Pensioner gets 15 years for murdering wife

A Dutch pensioner has been jailed for 15 years after he was convicted of cold-bloodedly murdering his Irish wife at their home in the Netherlands.

Passing sentence on Arnold Viguurs, aged 63, yesterday, the three-judge court in the city of s’Hertogenbosch (Den Bosch) described the violent death last November of Martina O’Brien Viguurs, bludgeoned with a hammer and then strangled by her husband as “a shocking act of violence”.

The punishment is very severe by Dutch standards as the accused had no previous convictions. In their judgment, the court said a severe punishment was necessary because of “the immense pain, suffering, and loss her death had caused to her eight children and 11 grandchildren”.

A kind, warm-hearted woman devoted to her family and looking forward to moving back to Ireland to be near them had died needlessly at the hands of a callous coward of a man whose only way out of telling her the truth about their severe financial problems was to cold-bloodedly plot and carry out her murder, the court ruled.

Just hours before she believed they would catch a flight to Ireland to visit family and view houses for sale as they had recently sold their Dutch home, Martina, aged 64, a former nurse and air hostess, already lay dead on the living room floor.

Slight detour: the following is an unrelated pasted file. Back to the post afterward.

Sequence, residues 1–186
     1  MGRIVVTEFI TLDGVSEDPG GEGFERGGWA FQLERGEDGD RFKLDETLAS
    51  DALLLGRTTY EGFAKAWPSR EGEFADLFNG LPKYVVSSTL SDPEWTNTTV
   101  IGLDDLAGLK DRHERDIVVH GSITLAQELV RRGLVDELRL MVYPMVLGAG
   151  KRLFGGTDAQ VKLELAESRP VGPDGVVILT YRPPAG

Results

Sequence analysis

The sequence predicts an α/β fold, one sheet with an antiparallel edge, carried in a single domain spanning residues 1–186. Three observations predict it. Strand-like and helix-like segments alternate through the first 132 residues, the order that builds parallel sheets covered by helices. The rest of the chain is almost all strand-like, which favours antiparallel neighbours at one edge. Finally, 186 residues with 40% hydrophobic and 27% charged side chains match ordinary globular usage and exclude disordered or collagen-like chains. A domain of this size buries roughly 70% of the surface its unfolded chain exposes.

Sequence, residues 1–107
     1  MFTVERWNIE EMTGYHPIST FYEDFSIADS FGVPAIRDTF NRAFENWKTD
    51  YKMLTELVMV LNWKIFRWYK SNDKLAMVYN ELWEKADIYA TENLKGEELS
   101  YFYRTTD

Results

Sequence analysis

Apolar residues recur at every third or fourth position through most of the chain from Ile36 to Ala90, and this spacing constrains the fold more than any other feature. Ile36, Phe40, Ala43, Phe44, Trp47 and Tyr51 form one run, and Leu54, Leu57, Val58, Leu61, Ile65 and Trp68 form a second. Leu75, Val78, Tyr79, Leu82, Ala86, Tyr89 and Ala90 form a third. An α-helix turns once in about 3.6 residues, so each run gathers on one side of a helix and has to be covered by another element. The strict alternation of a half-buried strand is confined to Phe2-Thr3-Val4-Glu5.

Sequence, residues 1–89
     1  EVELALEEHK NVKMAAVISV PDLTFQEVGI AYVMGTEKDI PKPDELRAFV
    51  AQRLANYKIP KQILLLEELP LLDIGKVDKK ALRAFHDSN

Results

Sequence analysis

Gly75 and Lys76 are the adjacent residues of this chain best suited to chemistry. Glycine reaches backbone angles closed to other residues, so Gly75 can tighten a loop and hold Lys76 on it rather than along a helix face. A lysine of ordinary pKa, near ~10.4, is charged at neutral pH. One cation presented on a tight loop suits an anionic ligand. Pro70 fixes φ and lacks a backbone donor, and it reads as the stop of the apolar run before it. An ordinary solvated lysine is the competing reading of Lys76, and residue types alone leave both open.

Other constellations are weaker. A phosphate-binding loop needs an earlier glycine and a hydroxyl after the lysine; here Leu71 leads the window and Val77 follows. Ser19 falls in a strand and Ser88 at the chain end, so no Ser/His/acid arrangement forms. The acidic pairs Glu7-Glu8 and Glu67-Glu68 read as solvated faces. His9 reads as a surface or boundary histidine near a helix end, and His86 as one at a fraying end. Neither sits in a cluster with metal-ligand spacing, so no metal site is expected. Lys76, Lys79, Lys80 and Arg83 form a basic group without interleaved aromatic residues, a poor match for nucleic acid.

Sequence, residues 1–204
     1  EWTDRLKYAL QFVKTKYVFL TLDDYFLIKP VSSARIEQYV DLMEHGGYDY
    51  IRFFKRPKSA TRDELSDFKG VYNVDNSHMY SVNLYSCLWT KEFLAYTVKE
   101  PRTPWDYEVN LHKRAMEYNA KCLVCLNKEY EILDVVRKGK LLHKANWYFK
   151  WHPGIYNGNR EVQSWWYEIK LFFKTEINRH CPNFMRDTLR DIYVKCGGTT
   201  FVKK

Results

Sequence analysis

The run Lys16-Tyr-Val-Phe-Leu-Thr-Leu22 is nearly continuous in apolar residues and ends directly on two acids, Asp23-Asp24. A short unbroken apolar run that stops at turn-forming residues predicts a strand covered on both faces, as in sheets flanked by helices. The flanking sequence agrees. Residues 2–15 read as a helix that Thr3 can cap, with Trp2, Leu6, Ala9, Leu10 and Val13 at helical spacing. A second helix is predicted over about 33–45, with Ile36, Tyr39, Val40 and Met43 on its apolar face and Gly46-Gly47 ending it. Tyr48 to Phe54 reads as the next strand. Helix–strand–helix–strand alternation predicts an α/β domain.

Viguurs, a former estate agent, told his trial two weeks ago that he killed her because he was desperate and afraid to admit they could not travel to Ireland as there was no money to pay for the tickets nor enough to buy a new home there.

He had lived a lie for years, telling his wife, a native of Rathkeale, Co Limerick, they would have enough money to retire comfortably and move back to Ireland after selling their home in Den Bosch, a small city 100km south of Amsterdam.

Viguurs finally told Martina the truth — that debts had eaten up their entire savings from his half of a local real estate business he sold in 2013 — and there was nothing left for the air tickets or a house in Ireland, before killing her.

He claimed it was a spur-of-the-moment action but, during his interrogation, Viguurs admitted that he had thought about ways of killing her the previous night as an escape from coming clean about their financial meltdown. When he told her he planned to end his own life in 2014 because he was so desperate about money, she begged him not to do so, saying she could not live without him.

The killer wrote a suicide letter two days earlier. It said: “Tina I have always loved you I am sorry I have made such a mess of our life. I hope you can forgive me. I can’t leave you behind in the trouble I’ve caused. I hope you find peace in heaven.”

“I realised that if I was to kill myself I had to take her with me” Viguurs told the court.

After killing Martina he went upstairs but was unable to commit suicide. Instead, he called the emergency services.

Forensic evidence showed Martina suffered injuries to her hands and elbows consistent with an attempt to defend herself. But it was strangulation, and not the hammer blows, that caused her death on November 9 of last year.


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